McALLEN, Texas (Border Report) — A Colorado-based migrant advocacy group held a nationwide webinar Wednesday to teach the benefits that yoga, meditation and holistic remedies can have on traumatized refugees.
The organization, Casa de Paz SLV, hosted the program called Emotional Wholeness Holistic Trauma Support for Asylum Seekers, New Immigrants & Refugees.
It was free for nonprofits and migrant advocacy groups and stressed that most refugees suffer physical and emotional damage during their journeys and when they relocate to a new country.
Gina Barrett, director of Casa de Paz, said it’s called “complex trauma,” which means multiple experiences.
Barrett was awarded the 2022 SEVA Award for Humanitarian Service at the Border by the International Association of Yoga Therapists.
“This webinar is really helping people to go a little deeper in understanding the effects of trauma, and it’s complex. It’s complex trauma, which means multiple experiences,” Barrett said in response to a question from Border Report.
“The immigrant journey is incredibly dangerous and trauma-full,” she said.
Offering basic yoga stretches, neck massages, art therapy using rocks or paper to color and express their feelings with, are simple methods that can help, Barrett and other panelists said.
“Our bodies hold trauma. They hold emotion. It lives in the body,” said yoga therapist Mona Flynn, founder of the nonprofit the Yoga Connection told participants. “But we are capable of surviving and erasing some of the heaviness.”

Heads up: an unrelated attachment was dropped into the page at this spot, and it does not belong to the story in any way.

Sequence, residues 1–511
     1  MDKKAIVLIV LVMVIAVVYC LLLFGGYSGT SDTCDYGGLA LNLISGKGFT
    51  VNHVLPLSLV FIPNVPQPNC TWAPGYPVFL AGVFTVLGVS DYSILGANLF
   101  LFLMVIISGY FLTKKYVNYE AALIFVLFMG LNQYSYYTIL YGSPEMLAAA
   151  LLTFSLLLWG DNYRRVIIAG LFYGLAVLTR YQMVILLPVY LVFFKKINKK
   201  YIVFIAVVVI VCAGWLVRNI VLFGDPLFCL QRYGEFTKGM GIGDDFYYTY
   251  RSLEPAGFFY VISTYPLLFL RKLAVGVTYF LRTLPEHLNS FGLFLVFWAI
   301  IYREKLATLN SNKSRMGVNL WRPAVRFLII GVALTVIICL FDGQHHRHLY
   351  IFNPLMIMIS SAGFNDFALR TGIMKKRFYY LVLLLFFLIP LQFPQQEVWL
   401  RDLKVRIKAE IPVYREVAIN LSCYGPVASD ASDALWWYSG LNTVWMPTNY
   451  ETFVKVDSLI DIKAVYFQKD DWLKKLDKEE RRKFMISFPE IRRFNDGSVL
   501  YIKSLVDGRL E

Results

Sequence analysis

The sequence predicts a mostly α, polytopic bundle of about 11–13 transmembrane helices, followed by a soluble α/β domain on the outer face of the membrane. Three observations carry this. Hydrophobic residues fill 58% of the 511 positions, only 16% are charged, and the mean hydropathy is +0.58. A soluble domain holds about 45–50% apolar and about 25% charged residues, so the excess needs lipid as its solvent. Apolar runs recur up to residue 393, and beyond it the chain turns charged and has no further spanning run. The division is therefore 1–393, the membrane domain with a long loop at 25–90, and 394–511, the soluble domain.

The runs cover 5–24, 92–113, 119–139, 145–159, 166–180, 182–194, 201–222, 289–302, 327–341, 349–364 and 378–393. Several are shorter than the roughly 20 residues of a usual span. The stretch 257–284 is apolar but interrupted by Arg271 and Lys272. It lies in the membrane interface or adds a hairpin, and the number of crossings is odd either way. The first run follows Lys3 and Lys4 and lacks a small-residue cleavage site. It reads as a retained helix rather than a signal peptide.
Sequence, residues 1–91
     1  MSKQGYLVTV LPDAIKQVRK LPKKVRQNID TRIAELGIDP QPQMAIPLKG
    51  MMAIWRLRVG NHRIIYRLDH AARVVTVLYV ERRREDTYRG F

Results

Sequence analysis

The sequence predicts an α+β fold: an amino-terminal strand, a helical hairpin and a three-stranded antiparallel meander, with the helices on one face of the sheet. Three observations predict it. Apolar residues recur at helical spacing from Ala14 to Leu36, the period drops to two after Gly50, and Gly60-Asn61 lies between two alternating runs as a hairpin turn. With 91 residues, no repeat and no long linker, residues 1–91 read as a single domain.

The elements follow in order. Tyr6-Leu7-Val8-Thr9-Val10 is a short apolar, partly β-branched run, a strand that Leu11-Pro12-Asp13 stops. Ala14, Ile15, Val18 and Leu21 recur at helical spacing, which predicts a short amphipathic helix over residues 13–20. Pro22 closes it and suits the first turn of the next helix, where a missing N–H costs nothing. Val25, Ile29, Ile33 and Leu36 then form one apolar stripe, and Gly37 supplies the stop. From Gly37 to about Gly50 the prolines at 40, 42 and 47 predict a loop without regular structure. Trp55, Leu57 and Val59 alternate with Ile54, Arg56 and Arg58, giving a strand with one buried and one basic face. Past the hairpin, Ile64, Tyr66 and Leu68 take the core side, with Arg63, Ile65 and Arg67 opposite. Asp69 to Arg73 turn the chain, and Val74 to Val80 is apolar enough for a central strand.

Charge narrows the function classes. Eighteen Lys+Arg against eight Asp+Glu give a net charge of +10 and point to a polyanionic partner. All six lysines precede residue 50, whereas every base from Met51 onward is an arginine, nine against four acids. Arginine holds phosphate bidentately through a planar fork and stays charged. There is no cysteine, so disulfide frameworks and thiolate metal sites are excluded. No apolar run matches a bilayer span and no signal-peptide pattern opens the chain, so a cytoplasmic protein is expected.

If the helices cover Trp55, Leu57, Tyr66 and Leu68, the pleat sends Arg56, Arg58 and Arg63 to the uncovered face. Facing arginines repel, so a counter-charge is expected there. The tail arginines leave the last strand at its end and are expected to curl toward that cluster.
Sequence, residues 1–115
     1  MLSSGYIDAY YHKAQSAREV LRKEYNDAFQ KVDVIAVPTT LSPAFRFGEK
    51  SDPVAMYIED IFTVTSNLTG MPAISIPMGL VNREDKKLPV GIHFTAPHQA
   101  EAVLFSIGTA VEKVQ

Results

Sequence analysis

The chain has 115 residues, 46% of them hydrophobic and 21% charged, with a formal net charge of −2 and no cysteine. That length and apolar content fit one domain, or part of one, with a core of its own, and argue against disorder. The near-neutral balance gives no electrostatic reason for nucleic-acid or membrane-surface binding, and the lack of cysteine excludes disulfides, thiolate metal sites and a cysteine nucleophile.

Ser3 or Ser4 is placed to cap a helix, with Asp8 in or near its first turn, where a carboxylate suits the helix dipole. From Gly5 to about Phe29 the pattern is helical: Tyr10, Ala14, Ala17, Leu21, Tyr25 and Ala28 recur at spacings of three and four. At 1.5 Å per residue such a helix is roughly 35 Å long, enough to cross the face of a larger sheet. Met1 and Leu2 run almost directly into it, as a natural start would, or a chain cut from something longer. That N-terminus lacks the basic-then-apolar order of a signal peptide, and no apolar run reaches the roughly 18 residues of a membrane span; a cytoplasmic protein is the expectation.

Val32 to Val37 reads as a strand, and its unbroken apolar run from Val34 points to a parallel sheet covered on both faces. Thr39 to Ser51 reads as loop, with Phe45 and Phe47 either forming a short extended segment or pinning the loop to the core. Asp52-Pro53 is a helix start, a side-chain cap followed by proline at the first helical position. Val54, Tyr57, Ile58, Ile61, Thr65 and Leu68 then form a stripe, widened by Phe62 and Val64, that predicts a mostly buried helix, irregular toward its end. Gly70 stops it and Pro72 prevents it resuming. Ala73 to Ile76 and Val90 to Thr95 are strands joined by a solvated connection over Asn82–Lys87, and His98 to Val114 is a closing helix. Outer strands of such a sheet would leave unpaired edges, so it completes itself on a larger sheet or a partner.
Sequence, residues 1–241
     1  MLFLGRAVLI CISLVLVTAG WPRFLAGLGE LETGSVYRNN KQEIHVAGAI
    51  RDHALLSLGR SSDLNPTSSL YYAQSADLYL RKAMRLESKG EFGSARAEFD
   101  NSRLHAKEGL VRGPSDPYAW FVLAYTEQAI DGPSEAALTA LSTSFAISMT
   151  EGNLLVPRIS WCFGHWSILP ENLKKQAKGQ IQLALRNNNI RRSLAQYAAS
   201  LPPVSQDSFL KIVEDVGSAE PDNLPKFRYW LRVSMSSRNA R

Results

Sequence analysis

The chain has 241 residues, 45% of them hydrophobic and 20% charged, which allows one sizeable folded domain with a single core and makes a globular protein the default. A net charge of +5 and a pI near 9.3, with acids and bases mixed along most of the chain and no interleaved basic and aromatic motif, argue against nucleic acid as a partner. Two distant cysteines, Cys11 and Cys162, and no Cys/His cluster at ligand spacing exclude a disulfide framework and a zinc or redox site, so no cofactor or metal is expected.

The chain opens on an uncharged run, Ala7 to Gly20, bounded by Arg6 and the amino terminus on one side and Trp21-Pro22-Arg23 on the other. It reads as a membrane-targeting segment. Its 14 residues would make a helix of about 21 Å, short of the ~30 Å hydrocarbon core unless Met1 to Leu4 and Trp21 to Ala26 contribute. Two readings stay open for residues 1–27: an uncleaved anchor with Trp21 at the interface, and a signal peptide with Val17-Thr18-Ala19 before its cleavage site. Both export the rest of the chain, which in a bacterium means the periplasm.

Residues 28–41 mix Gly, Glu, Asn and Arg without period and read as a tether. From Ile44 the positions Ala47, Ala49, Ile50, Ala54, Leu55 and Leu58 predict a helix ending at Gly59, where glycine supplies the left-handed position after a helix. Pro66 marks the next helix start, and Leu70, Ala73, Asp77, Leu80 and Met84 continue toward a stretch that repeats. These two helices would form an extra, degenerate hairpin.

Flynn’s organization also offers yoga for women, immigrants and refugees and Yoga Connection won the 2020 SEVA award.
Migrant advocacy groups estimate that as many as three out of four women are raped as they try to journey north to the United States. Many children, including boys, are often victims of rape, as well.
A 2020 report by Doctors Without Borders found most migrants endured some type of violence during their migration. They also reported coming from countries with high violence rates, such as the Northern Triangle countries of El Salvador, Honduras and Guatemala.
“The high levels of violence in the Northern Triangle of Central America (NTCA) is comparable to that in war zones where MSF has been working for decades—and is a major factor fueling migration north to Mexico and the US,” the report said.
The report found 61.9 percent of respondents said that they were exposed to a violent situation during the two years prior to leaving their home country. Forty-five percent cited their exposure to violence as a key reason for fleeing. And more than 75 percent who came with children reported leaving due to violence, including forced recruitment by gangs.
Barrett’s organization has made 10 trips to the Rio Grande Valley and has worked with over 2,000 migrants including asylum seekers released from detention centers in South Texas by U.S. Immigration and Customs Enforcement and those granted humanitarian parole into the United States by U.S. Customs and Border Protection officers
A migrant girl works on an art project in Reynosa, Mexico, in April 2022 (left.) Volunteers with Casa de Paz SLV traveled to San Benito, Texas, in April, and helped offer yoga and art therapy to migrants in South Texas. (Courtesy Photos by Gina Barrett)
Her group also has crossed into northern Mexico and offered yoga, art therapy, and massage for migrants living in refugee camps in Matamoros and Reynosa.
Barrett describes seeing migrants who appear “shattered” after being released by ICE, or after being allowed to cross into the United States.
“I just feel that people can’t be educated enough about this and these little simple ways that we shared today could help so many people,” she said.
She said her organization is now working to expand internationally.